COURTNEY GOODSON: She won a Supreme Court race despite being outspent by a special interest group.

Final campaign reports have been filed on the November elections, including a disclosure that the Republican State Leadership Committee’s Judicial Fairness Initiative spent more than $2.6 million attempting unsuccessfully to defeat Supreme Court Justice Courtney Goodson.

The dark money group spent $744,997 in the primary in which Goodson was forced into a runoff by David Sterling, a conservative Republican who campaigned while serving on the state payroll as legal counsel for Gov. Asa Hutchinson’s Department of Human Services. It spent almost $1.9 million more in the runoff, according to a report filed Dec. 20, for total expenditures of $2.603 million.


Virtually all the money came from the Republican State Leadership Committee, a PAC based in Washington. That PAC discloses contributors to the IRS periodically, but makes no filings in Arkansas. Major corporate interests from tobacco to drugs to health care are among the contributors. The group insists there’s no earmarking of contributions to individual races, but the PAC has been active across the country in attempting to elect corporate-friendly judges.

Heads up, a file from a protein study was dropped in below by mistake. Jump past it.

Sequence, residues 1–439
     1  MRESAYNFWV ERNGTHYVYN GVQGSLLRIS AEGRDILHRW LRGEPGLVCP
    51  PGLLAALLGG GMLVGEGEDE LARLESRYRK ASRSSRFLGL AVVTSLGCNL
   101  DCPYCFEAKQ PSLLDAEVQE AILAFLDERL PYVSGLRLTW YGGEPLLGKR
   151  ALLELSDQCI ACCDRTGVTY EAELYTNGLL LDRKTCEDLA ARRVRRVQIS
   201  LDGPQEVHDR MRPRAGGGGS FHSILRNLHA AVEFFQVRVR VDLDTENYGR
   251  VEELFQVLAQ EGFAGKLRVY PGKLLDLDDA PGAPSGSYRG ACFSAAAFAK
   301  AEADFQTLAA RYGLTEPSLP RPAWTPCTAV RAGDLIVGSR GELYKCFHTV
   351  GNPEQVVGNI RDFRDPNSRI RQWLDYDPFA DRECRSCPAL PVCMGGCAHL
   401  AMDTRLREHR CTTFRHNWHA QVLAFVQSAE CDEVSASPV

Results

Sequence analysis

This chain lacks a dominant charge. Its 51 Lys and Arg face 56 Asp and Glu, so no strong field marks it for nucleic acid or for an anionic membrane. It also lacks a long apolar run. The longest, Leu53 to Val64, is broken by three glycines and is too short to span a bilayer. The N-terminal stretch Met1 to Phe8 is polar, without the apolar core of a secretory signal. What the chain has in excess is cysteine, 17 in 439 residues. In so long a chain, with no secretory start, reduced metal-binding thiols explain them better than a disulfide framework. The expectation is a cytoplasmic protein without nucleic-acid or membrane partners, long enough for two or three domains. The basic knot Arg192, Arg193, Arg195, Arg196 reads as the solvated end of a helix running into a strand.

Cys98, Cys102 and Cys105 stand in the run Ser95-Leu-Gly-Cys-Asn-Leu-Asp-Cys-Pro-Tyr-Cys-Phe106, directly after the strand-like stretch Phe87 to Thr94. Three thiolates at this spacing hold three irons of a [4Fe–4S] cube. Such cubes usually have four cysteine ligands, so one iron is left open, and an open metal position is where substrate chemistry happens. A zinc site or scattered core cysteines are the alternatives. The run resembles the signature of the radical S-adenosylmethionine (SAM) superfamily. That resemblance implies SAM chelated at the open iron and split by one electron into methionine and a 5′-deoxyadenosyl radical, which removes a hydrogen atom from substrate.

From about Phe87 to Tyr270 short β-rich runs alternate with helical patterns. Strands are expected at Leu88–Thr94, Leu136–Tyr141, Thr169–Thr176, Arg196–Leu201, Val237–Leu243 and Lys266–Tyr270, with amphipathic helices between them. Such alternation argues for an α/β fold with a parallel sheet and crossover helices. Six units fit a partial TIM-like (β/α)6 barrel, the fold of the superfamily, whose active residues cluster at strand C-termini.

The money was spent on radio, TV and digital advertising and robocalls either supporting Sterling or opposing Goodson.  The negative spending far outweighed the positive spending for Sterling in the final days of the election.


The spending was for naught. Goodson racked up almost 56 percent of the vote.

Goodson was defeated two years ago in a race for chief justice in which huge sums of dark money were used against her. In her most recent filing, Goodson reported spending about $141,000.  Sterling’s campaign spent about $150,000.


Goodson filed lawsuits over the ads purchased against her by the Republican group, which earned an injunction in part of the state during the primary season but also scored a significant amount of free media attention. An independent watchdog group that monitors judicial races also criticized the ad onslaught against Goodson, which focused on gifts she’d received from her future husband, lawyer, and also from a friend who was a corporate lawyer. She noted she’d made all proper disclosures of gifts and said she didn’t participate in cases involving benefactors.